December 8, 2023

Consuming Spirits – Animation Review @ Manipulate Visual Theatre Festival

Consuming Spirits took 15 years to make and was finally completed in 2012. The film combines several animation styles and techniques including hand drawn, stop motion, but mostly paper cut out. The film can be seen as an animation epic and puts  Director and Animator Chris Sullivan up there with other auteurs such as Bill Plympton, Ralph Bakshi and Jan Svanmajaer, as animators who have managed to create feature length animated films despite the laborious nature of the process.

Consuming Spirits itself was shot on 16mm and looks impressive on the large screen. The somewhat jittering nature of the paper cut out style adds to the aesthetic charm and shows the filmmakers fingerprints on the film. The different styles run seamlessly between one another and do not jar, they actually add to the unique visual appeal of Consuming Spirits. The colours are not bright and bold, but dark and insipid. Pale blues and greens create a dullness that contributes to the blandness of the characters and the slow pace of the story. However there is a tension and an interesting story boiling underneath all this, which comes to a head during the dramatic and tense conclusion of the story.

The story itself involves a botanist radio DJ called Earl Grey and how his life intertwines with other characters including Victor Blue and Gentian Violet.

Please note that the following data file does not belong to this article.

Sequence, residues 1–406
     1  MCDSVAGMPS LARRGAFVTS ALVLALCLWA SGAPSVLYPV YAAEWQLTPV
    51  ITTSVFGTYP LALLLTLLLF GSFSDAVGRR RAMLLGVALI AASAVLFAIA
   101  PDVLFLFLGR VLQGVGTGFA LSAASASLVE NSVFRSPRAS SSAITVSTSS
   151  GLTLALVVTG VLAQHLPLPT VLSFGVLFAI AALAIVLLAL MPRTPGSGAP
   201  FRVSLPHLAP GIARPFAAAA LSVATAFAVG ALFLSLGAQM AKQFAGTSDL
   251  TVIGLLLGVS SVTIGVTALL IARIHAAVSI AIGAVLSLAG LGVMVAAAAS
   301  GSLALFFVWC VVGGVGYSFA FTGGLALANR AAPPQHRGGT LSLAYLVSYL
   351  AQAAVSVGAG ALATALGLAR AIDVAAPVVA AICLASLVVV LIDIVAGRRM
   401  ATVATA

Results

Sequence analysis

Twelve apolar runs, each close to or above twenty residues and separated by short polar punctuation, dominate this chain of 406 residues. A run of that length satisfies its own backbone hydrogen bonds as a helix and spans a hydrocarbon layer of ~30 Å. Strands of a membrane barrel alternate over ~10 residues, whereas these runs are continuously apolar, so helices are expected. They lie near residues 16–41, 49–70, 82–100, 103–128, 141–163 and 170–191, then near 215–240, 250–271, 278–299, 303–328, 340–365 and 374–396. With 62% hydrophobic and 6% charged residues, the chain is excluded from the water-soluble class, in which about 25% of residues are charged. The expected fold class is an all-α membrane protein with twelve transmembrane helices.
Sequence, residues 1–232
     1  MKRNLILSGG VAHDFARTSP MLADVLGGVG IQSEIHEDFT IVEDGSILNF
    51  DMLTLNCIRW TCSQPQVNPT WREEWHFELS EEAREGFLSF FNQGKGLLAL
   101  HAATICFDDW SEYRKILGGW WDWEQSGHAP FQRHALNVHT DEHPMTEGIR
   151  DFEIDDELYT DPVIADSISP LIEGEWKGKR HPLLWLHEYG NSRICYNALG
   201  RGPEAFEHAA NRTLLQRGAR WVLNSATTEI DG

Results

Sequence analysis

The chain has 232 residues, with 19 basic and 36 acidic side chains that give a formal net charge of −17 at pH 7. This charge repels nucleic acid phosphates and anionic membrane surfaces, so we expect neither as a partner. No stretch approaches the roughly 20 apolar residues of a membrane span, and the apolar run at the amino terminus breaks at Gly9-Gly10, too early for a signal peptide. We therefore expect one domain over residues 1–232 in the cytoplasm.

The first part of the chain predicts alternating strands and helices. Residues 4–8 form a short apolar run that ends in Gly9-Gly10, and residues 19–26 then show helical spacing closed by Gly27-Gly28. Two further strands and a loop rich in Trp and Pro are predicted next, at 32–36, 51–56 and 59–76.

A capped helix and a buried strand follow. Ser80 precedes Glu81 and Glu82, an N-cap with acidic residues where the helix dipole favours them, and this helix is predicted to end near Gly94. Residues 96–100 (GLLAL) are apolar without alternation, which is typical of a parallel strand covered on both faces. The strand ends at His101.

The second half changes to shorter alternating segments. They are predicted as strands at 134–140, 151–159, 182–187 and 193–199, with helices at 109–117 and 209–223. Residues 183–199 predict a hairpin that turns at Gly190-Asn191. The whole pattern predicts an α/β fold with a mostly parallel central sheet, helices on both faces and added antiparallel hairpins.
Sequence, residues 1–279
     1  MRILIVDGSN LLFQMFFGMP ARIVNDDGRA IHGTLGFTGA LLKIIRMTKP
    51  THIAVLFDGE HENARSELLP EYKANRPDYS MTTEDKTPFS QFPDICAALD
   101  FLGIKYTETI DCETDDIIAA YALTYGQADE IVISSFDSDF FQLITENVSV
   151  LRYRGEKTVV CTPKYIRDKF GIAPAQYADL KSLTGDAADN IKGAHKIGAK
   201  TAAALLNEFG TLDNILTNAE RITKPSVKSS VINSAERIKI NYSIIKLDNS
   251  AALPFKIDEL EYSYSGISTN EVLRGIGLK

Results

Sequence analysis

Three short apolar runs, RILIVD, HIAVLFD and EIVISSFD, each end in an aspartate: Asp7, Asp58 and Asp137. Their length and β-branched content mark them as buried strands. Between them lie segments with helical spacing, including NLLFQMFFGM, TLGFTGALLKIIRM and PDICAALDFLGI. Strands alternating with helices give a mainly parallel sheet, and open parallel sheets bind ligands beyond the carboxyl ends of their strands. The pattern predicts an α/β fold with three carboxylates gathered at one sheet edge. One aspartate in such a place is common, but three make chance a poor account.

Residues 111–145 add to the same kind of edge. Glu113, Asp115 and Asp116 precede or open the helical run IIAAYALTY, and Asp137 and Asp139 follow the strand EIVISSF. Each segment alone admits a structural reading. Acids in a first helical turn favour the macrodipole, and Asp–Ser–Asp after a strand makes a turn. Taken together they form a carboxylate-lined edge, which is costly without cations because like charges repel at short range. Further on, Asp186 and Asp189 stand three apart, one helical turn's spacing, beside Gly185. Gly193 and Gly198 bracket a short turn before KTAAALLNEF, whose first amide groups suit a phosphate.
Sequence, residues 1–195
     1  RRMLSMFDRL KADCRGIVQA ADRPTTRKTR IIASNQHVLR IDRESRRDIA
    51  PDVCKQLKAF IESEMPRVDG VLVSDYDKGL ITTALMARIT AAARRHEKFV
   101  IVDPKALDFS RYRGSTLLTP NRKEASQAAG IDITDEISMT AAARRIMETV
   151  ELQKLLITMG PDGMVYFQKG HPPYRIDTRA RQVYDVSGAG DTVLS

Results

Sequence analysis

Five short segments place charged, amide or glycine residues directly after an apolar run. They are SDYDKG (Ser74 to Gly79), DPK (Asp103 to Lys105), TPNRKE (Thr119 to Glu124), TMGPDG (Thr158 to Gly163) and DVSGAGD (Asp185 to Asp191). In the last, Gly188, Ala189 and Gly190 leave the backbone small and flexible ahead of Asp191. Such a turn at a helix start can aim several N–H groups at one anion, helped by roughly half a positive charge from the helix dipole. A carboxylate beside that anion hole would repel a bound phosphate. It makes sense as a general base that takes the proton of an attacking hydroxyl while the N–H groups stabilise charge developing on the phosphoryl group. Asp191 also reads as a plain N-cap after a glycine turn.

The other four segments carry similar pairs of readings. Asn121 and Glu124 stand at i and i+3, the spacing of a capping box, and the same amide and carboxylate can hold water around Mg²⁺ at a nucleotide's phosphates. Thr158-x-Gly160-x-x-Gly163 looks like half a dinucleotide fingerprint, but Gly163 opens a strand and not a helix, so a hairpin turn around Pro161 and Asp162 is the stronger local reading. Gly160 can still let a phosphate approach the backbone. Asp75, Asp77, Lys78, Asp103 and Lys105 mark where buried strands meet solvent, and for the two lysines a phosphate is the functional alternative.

The soundtrack mainly focusses on folk songs, which seems fitting to the small town that we are located in. It almost feels surrounded in folklore and ghosts, harking back to the title of the of animation – Consuming Spirits. The town itself almost has a Twin Peaks or Fargo type feel to it – a small snowy town with a contained population. The Coen Brothers influences is apparent  with the comedic and lyrical script and Earl Grey himself going on monologues that are poetic yet humorous in style.


The problem with Consuming Spirits is that it is too long. Lasting over 2 hours, the story seems to be in slow motion at times, with the pacing being almost as laborious as the technique. However behind this is a touching story involving interesting characters. The dialogue helps us endear to the characters, even though the voice recording is not exactly high quantity (sounding as if it has been recorded in a wardrobe) and the vocal performances feel rigid.

Consuming Spirits screened as part of the animation strand at the Manipulate Visual Theatre Festival. Taking place in Traverse 2, a theatre space, which has been transformed into a cinema. Consuming Spirits seemed to fit well within a programme which featured experimental animation (an ecliptic shorts programme and the graphic novel adoption Isobel Nobel) and live action (The Quay Brother ‘Piano Tuners of Earthquakes’ and the Japanese animation and live action amalgamation ‘Big man Japan’).

Overall it is impossible to talk about Consuming Spirits without looking at the technical achievement of its author. However a tighter story could have cut down on production time and benefited the movie as a whole. Nevertheless Consuming Spirits is a truly original story with unique visuals and a fine example of what can be achieved in animated storytelling.


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